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Commemoration planned to mark 100 year anniversary of Tom and John O’Connor-Scarteen




Next month marks 100 years since the deaths of National Army Officers Tom and John O’Connor-Scarteen and a special commemoration is being planned.

The public are invited to a gathering in Old Kenmare Cemetery to remember Tom and John O’Connor-Scarteen on Sunday September 4 at 1.30pm where they'll be an oration by Minister Peter Burke TD.

The brothers grew up on a farm at Scarteen, Blackwater, between Sneem and Templenoe. They adopted the name ‘Scarteen’ after the townland. Their parents Michael and Deborah owned and operated a bakery and grocery shop at 5 Main Street, Kenmare.

Tom and John were both active members of the Irish Republican Army and fought in many engagements against the Crown Forces during the War of Independence between 1919 and 1921. Tom played a prominent role in the Headford Junction Ambush, Killarney in 1921, one of the major incidents of the Anglo-Irish War.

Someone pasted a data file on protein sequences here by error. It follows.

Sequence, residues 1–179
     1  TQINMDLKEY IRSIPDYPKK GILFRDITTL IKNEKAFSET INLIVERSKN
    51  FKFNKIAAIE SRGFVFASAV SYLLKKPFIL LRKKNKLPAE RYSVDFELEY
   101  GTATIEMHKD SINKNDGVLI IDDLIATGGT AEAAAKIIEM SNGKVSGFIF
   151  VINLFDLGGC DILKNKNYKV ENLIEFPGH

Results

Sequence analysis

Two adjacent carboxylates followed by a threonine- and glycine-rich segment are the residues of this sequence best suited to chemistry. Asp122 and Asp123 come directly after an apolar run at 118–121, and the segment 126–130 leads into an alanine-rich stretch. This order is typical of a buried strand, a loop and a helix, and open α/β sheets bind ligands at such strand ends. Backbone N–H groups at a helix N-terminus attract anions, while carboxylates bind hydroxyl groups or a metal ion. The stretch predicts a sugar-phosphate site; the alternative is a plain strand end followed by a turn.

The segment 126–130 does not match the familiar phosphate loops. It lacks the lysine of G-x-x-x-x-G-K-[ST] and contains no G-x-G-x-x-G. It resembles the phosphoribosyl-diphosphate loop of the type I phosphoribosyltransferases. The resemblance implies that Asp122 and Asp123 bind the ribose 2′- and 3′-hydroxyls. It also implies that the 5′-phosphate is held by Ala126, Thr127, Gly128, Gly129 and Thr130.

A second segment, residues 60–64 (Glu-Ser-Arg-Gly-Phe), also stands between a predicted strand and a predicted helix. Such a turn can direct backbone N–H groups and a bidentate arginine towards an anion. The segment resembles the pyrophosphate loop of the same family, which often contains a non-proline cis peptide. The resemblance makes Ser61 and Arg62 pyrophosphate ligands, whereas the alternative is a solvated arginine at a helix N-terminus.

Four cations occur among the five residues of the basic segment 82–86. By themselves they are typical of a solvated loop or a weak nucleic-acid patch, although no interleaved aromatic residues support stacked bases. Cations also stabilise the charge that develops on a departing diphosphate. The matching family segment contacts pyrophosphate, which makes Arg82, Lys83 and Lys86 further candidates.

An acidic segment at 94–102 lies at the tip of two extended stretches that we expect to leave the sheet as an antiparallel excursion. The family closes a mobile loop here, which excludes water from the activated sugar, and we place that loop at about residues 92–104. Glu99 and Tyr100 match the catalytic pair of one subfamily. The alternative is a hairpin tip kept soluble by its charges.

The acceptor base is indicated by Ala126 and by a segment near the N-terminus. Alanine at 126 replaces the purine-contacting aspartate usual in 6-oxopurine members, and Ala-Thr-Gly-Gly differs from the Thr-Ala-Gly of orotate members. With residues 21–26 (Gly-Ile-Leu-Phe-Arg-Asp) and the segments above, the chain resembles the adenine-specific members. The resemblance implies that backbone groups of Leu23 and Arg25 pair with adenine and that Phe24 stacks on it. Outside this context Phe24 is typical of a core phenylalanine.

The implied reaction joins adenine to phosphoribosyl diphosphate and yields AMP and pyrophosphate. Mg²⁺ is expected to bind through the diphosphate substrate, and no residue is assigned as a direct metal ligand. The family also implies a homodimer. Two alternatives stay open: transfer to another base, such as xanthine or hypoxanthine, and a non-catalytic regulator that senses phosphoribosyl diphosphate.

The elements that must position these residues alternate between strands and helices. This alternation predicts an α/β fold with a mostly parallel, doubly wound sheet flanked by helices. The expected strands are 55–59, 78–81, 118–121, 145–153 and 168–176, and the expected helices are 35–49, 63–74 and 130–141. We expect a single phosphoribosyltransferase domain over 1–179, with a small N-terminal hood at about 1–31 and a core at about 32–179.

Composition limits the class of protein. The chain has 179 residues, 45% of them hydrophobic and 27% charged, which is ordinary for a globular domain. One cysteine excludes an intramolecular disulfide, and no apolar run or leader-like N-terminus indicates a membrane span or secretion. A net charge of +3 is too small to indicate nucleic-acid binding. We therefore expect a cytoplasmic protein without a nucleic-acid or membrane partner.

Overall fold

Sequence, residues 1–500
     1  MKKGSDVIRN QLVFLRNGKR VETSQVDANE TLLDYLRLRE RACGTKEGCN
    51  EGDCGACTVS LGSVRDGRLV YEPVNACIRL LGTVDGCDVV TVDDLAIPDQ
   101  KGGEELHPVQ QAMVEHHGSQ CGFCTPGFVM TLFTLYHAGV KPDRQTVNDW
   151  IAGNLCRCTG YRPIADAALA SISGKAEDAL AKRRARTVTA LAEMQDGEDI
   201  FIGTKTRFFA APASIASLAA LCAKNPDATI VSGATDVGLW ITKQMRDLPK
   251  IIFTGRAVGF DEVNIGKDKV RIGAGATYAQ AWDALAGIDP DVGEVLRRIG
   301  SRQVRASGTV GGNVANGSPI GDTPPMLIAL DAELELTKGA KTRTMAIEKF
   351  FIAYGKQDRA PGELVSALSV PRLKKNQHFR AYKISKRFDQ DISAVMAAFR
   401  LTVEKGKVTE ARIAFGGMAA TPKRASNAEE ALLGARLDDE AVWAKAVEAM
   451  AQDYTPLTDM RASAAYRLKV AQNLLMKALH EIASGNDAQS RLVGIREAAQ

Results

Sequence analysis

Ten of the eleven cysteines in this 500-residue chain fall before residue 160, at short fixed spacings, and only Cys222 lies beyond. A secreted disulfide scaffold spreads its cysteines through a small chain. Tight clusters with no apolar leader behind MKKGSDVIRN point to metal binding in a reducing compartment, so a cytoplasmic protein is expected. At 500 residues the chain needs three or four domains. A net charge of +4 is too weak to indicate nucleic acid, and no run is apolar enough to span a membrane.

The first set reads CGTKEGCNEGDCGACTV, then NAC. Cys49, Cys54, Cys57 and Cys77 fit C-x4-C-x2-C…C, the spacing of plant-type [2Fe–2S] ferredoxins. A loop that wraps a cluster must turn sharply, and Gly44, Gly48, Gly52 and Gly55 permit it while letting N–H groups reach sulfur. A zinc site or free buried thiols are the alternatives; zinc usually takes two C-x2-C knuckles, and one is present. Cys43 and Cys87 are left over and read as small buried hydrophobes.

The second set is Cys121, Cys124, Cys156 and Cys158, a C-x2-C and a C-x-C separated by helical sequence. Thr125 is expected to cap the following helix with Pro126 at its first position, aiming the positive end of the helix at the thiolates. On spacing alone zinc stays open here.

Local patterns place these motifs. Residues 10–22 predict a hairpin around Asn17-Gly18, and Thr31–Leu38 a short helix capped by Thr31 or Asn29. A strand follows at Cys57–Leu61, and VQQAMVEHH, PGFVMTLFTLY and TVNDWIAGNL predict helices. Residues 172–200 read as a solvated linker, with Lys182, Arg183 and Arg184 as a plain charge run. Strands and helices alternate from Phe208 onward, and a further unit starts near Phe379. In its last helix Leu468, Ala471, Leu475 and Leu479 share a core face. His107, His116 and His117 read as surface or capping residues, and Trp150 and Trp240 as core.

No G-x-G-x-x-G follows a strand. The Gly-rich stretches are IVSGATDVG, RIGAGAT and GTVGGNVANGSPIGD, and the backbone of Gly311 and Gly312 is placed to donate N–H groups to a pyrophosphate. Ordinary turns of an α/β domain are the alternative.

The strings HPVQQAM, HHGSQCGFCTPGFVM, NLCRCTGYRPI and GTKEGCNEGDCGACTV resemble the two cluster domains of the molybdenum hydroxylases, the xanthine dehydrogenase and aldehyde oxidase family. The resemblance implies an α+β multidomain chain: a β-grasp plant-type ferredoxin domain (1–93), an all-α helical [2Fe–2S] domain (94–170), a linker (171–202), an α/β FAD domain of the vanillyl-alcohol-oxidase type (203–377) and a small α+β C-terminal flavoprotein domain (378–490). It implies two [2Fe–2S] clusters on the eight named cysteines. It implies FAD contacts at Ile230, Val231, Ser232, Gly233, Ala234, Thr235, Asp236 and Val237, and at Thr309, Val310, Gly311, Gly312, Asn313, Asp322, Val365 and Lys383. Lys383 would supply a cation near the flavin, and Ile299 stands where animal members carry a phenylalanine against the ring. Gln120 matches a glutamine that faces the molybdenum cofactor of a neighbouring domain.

The Treaty which followed the end of the war and which was signed in December 1921 divided Ireland. The terms of the agreement split the Irish Republican Army, Sinn Féin and the wider community. It also divided Dáil Éireann but a majority of members, 64, voted in favour, with 57 against. Three Kerry TDs voted for the Treaty and three voted against. Michael Collins became the leader of the Pro-Treaty faction and Éamon de Valera became head of the anti-Treatyites.

Tom and John O’Connor Scarteen were among those who listened to Michael Collins speaking at a Pro-Treaty meeting in Killarney in April 1922 and they were motivated to join the new army of the Free State. They, along with other local lads, enlisted in the army on their return to Kenmare. As experienced combatants during the War of Independence, they rose through the ranks, Tom to the rank of Brigadier General and John to the rank of Captain.